One of Bill McClellan’s readers writes in

Google Alert netted another fine catch:

Democracy seeming like Greek to U.S.

Bill McClellan
stltoday.com, July 29, 2011

Not long ago, I wrote a column in which I suggested we select our leaders through a lottery [Stupid vs. immoral? Let’s leave governing up to chance, June 8, 2011]. We would avoid tiresome campaigns and the lies and misrepresentations therein, and we would rid ourselves of campaign contributions and the time-honored practice of buying influence and favors.

It was a whimsical idea. Or so I thought. But one of the joys of writing a newspaper column is hearing from people who know more than I do about the subjects I write about.

David C. sent me this note: “Today’s column made me think of ancient Athens, one of the most thoroughgoing democracies in western history (at least for those who weren’t slaves). They had a system of government very similar to your idea of government by lottery. As the Marxist historian C.L.R. James wrote in his essay, ‘Every Cook Can Govern’: ‘Perhaps the most striking thing about Greek democracy was that the administration (and there were immense administrative problems) was organized upon the basis of what is known as sortition, or, more easily, selection by lot. The vast majority of Greek officials were chosen by a method which amounted to putting names into a hat and appointing the ones whose names came out.'”

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3 Responses

  1. It’s very reassuring when everyone who dreams up sortition as a “whimsical idea” think they have invented it — Plato must have been right all along regarding his forms. If it were the other way round would anyone dream up electoral representation and political parties?

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  2. “Sortition,” “election-by-lot,” and “democracy” was not THE system in Athens nor in the Northern Italian Renaissance city states, but only “tried out” in those places. The Establishment’s oligarchs were afforded strong footholds of political power which, of course, turned out to be all they needed to regain their full control of everything and everybody soon thereafter. What they employed was sortition only as a side-dish rather than as a whole meal. Greater than Humanity’s need for fairness via democracy is the need to drive out if not demolish the oligarchs and their Oligarchy, and to do that permanently. In all of politics except, possibly, at the very lowest of civic levels, “to elect = to vote” must be replaced by “to elect = to draw.” Patriotism would then me measured not by “did you vote?” but instead “is your name in the hat?” Today’s Election Commissions would be converted into Civic Draft Boards with all the ex-cons, illiterates, physically/mentally handicapped, homemakers, et al efficiently deferred. Partial sortition never took root because the Oligarchy was not destroyed, only inconvenienced for a while. The USA came closest of all (to Republic via democracy), but “closest” wasn’t good enough. Basically, oligarchs are criminals and Oligarchy is, from its inception, a criminal enterprise. All so-called “Monarchies,” “Theocracies,” “Republics,” et al have been nothing more and little less than cleverly disguised Oligarchies.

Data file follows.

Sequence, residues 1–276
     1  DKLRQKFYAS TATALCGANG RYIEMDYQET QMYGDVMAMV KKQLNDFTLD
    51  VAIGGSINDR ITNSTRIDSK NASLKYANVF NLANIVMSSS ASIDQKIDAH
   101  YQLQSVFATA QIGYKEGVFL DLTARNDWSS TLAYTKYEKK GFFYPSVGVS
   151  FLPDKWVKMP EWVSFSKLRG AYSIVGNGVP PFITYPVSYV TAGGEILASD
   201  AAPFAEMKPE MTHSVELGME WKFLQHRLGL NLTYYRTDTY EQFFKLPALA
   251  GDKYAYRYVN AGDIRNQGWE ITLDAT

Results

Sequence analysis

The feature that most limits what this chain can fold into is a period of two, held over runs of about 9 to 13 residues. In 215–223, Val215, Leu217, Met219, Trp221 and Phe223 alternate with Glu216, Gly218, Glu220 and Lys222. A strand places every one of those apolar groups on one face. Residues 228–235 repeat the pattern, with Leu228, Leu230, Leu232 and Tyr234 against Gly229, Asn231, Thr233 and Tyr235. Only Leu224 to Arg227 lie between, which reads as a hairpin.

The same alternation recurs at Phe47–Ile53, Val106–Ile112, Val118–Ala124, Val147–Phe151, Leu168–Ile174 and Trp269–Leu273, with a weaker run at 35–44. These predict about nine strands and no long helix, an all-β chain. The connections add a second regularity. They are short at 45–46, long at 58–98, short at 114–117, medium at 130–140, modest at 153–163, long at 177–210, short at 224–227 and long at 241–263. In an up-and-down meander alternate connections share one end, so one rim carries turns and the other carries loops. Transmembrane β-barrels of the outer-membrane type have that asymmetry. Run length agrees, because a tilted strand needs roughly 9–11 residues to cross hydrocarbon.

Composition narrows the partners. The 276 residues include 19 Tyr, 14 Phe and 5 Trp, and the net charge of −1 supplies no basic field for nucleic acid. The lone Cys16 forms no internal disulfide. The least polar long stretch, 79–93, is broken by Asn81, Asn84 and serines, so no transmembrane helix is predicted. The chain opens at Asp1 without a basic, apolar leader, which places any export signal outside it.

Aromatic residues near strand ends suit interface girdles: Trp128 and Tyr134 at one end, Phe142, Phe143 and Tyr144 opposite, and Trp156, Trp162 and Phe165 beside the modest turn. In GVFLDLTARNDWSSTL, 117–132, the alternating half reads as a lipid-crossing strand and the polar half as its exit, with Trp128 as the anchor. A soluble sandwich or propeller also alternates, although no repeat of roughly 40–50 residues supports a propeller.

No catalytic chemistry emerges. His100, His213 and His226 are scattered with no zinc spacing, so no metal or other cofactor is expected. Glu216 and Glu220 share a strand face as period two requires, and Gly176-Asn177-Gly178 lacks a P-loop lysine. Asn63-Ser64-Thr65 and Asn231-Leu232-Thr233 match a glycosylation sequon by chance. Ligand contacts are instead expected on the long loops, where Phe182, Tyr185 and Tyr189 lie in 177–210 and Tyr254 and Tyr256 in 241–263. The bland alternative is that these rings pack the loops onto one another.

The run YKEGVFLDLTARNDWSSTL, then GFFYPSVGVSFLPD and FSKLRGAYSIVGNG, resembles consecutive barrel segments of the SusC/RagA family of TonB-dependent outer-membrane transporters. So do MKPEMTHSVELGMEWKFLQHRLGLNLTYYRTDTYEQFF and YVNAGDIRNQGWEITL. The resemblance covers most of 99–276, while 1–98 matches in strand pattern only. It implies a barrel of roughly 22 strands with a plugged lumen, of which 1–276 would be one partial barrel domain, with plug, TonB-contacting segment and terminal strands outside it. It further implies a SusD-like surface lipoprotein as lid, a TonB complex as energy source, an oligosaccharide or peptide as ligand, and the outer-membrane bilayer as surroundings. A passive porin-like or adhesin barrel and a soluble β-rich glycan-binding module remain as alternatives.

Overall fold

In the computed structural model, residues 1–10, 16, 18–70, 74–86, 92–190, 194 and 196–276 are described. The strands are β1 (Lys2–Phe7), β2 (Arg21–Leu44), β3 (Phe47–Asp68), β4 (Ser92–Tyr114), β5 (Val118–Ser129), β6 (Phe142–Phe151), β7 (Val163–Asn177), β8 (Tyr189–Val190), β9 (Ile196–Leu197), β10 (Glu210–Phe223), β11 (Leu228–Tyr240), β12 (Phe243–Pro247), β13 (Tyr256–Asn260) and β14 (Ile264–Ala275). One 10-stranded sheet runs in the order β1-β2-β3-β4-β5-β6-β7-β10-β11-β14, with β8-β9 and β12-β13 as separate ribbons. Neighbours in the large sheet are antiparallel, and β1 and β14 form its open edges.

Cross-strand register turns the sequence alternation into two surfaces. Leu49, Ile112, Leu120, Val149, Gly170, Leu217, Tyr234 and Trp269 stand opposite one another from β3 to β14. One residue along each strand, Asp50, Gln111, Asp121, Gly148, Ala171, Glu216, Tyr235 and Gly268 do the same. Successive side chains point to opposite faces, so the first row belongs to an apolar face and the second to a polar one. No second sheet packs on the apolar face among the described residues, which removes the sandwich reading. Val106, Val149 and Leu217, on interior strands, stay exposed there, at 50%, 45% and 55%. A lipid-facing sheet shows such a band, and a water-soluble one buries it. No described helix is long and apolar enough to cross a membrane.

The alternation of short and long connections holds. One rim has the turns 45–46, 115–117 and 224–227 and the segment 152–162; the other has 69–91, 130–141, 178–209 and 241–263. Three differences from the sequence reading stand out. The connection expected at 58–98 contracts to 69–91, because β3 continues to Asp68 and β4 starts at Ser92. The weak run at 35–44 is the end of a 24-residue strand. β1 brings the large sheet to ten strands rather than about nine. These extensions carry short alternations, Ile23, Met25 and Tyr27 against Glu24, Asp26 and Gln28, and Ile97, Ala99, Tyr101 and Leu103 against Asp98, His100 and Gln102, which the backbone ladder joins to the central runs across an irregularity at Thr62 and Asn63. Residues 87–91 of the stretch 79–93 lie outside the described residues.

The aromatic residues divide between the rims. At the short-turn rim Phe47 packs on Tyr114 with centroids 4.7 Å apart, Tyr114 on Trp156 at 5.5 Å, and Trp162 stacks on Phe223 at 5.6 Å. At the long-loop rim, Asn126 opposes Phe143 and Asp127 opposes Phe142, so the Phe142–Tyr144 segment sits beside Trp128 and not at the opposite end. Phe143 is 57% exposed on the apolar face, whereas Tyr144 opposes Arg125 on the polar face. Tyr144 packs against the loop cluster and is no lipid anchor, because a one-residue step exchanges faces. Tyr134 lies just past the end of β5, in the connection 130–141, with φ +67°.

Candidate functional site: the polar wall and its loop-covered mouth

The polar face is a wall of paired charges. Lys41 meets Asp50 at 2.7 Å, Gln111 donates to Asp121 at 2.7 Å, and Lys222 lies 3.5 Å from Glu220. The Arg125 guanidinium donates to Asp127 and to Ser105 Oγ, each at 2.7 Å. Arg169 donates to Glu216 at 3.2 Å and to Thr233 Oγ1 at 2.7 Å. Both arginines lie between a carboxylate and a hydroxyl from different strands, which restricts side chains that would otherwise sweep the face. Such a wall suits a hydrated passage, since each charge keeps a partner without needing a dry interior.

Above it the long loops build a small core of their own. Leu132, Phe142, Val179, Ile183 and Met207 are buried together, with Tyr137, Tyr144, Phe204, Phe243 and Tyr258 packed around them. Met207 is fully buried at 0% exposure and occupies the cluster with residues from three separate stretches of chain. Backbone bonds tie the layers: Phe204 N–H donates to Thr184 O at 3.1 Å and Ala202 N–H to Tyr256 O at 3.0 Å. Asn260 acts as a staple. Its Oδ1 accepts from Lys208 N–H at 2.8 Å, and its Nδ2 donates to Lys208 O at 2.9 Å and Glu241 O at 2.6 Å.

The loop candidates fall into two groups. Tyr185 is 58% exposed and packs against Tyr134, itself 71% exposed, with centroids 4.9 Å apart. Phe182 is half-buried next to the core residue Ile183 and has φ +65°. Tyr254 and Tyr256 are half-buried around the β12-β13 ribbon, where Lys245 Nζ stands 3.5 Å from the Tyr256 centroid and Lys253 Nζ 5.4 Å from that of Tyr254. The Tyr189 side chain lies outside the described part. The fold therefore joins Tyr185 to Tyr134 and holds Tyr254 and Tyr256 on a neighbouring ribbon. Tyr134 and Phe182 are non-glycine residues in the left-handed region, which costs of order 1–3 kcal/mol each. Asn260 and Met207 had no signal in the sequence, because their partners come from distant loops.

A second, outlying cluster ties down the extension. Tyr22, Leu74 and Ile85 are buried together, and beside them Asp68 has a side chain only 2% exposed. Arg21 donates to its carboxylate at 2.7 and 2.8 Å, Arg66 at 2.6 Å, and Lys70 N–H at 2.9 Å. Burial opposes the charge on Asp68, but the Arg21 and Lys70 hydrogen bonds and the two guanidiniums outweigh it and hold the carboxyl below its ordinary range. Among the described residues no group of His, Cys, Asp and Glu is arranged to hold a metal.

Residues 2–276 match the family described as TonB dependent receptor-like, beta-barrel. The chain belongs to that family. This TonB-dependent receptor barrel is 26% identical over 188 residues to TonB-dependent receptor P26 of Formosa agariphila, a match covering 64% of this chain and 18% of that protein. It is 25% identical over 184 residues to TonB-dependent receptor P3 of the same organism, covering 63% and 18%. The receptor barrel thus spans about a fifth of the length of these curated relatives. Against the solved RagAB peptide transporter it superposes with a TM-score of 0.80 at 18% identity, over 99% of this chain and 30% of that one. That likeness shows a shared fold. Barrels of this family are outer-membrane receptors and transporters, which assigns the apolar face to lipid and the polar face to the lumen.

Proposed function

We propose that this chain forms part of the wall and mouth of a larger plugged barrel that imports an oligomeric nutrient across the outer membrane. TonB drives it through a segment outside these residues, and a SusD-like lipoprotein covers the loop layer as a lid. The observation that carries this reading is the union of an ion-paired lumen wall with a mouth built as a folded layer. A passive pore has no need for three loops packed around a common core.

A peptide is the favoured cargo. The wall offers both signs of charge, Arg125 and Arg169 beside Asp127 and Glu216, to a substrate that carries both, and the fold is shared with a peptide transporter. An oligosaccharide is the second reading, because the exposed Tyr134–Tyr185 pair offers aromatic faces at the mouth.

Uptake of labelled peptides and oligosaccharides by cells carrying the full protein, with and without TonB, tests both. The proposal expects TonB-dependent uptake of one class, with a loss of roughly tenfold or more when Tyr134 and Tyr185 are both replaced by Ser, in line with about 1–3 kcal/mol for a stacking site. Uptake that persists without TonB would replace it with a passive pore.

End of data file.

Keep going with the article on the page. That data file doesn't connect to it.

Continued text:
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  3. Richard,

    I think your are close to the mark regarding the Italian city-states, but I think you are wrong regarding Athens.

    > The USA came closest of all

    Why would you say that? When was that golden age of democracy in the US? I think nothing but national-chauvinism could motivate this statement.

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